Gas fired heating systems: Even though gas is considered to be clean burning, gas heating system chimney’s need regular yearly inspections and / or sweepings by a chimney professional and should have chimney sweeping performed every 5-7 years on average to remove the acidic scaling that forms from the by-products of gas combustion and condensation, you really should not ever go more than 7 years between sweepings. Carbon monoxide dangers are a serious issue if the chimney were ever to get blocked up (from things such as: animal nests, or liner collapse in worn out chimneys).

Solid fuel burning (such as wood): Solid fuel fired chimneys must be swept yearly or possibly after every cord burned. The best time to sweep is late spring after all burning is done so the creosote doesn’t sit in the chimney all year (which can damage the flue lining). A dirty solid fuel chimney with only a quarter inch of soot contains the highly flammable tar like substance called creosote.  A hot fire around 1000 degrees F. could easily cause stack temperatures in excess of 450 degrees F. (creosote’s low end temperature of ignition point) and ignite this substance into a roaring chimney fire.  At the height of a chimney fire, the creosote can burn at temperatures exceeding 1800 degrees F.  Flames and flying embers can easily land on the roof and ignite the wood framing of your home.  The intense heat can cause the flue to crack or collapse possibly causing the interior walls of your house to burst into flames. In un-lined flues thermal transfer can cause the wood framing of the house to ignite inside the walls.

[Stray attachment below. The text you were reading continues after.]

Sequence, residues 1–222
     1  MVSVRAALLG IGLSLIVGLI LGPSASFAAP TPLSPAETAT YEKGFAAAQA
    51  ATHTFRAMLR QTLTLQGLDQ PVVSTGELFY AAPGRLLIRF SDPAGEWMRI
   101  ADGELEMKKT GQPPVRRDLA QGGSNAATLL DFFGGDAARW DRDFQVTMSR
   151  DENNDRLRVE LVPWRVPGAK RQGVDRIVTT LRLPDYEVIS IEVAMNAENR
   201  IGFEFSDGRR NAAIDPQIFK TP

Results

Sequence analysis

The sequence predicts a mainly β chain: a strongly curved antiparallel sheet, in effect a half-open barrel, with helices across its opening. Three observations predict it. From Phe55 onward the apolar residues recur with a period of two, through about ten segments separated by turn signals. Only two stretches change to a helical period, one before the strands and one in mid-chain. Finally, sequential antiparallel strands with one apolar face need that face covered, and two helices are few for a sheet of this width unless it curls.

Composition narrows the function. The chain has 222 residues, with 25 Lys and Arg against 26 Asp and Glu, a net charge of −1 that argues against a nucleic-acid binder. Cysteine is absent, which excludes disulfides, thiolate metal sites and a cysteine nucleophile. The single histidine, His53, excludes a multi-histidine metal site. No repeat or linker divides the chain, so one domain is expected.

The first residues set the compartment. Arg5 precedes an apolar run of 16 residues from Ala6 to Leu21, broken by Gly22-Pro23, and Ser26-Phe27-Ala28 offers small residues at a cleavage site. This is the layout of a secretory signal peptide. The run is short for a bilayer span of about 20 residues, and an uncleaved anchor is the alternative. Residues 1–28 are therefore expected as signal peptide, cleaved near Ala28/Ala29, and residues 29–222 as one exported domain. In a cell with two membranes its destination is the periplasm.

Creosote in chimneys comes in several stages.  In its flakey, soot form, it is easily brushed away leaving safe and clean flue walls.  When it appears as hard, brittle deposits, the chimney sweep's extra efforts in brushing will remove most of the build-up.  But glazed variety is truly the most dangerous form, and the most difficult to remove from your home's wood burning system.  And until recently, glazed creosote was almost impossible to completely remove in many instances. That's why today, Chimney Savers uses not only the traditional sweep tools but also the latest in powered rotary chimney sweeping equipment and high velocity industrial HEPA vacuums, most of our competition doesn't use this type of equipment.

Glazed creosote in your chimney is recognizable by its dense, shiny tar-like appearance.  This unpleasant substance is basically wood tar which has become baked onto the walls of the chimney or flue lining.  Once it gets burning in your chimney, it is extremely difficult to extinguish.